with that trash called my poems!

Lost Birds

The birds that bothered me in my childhood
Crapping on my books or chirping close
They are now nowhere to be seen
And they're lost from my view.

They are gone with the green to recur in my dreams
And longings take me there when everybody is asleep!

Cool breeze is still there
to swish those sibilant whispers
I don't loose hopes, no, never
And the birds will be back there and right there.

Growing Out

Somehow I feel like
not growing more than a child
It's risky, it's lousy
to grow up and grow out.

Growing up has only one advantage:
difficult maths of primary days
appear easy and workoutable
And one feels like revolting against
all the words of the unkind teachers.

Growing up has nothing more to give
for all it takes thrashing out.

A. N. Nanda



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Thursday, May 03, 2007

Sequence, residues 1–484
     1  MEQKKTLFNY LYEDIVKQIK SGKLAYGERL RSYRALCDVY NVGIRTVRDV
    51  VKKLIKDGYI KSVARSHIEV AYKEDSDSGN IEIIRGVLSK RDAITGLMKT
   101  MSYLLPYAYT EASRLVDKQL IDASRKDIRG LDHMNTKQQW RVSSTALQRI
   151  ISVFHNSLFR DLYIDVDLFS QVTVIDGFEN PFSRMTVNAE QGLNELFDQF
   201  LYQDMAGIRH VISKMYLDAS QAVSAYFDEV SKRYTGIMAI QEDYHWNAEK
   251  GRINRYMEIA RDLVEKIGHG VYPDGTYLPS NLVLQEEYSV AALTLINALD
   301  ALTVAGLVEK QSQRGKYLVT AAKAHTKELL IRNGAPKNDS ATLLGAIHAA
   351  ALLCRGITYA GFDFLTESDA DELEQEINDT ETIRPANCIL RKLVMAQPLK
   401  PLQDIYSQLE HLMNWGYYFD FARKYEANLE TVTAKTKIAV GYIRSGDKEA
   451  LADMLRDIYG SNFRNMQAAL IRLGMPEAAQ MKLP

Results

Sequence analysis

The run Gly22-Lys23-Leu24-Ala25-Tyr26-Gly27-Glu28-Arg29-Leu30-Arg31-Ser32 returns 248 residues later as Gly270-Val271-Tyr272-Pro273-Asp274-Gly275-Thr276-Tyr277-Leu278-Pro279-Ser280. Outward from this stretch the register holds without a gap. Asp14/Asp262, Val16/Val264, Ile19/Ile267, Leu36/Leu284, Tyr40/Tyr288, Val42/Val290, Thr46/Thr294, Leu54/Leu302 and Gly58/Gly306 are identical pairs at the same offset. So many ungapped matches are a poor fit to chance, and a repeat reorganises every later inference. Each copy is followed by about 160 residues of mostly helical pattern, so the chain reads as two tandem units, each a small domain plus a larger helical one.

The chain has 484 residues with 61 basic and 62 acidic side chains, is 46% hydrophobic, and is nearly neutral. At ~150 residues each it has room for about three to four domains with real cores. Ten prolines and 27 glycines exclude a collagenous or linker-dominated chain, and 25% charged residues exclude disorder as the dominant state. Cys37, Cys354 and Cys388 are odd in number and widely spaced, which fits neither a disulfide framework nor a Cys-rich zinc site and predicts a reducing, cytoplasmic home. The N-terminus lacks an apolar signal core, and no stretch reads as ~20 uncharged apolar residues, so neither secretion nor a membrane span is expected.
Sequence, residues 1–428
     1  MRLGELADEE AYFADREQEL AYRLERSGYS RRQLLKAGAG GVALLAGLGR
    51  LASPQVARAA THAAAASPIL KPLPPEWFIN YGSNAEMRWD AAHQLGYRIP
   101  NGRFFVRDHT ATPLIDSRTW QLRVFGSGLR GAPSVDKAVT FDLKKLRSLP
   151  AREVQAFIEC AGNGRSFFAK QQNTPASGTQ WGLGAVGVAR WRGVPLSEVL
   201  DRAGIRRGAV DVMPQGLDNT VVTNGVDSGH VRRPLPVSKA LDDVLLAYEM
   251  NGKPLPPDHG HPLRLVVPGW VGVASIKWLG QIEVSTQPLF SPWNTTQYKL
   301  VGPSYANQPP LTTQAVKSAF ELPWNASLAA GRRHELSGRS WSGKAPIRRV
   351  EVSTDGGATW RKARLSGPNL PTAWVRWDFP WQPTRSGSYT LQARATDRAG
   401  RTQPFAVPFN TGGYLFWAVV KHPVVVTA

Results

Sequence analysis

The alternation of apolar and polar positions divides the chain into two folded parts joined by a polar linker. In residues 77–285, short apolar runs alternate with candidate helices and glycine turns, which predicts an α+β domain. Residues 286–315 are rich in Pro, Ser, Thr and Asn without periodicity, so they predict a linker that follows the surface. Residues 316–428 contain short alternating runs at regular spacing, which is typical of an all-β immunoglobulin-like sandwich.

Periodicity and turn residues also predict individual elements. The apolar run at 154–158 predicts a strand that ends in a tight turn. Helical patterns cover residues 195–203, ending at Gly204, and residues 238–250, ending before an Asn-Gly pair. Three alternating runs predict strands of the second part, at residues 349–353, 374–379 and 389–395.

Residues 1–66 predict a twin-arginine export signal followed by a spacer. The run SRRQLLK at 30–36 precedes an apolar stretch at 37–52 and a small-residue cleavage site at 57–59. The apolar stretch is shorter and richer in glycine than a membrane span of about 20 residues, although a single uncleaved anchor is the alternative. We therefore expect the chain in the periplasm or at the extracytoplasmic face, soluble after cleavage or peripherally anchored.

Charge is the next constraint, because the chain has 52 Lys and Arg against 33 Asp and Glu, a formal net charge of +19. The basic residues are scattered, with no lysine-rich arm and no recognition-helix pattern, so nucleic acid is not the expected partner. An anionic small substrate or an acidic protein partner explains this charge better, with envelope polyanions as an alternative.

On-line Sale

For a signed copy of "Remix of Orchid" one may mail to me at
Now for the readers of US, "The Remix of Orchid" will be available on-line for purchase. I've made an arrangement with the portal to display and sale this. It proved a little expensive for me to set up my account there, and as I estimate, with a sale of 10 books I'll recoup my initial set-up cost. This is not a big risk in my reckoning.

The point of emphasis is that the book is going to travel to a place where the author has not. For an author this means a lot!
A. N. Nanda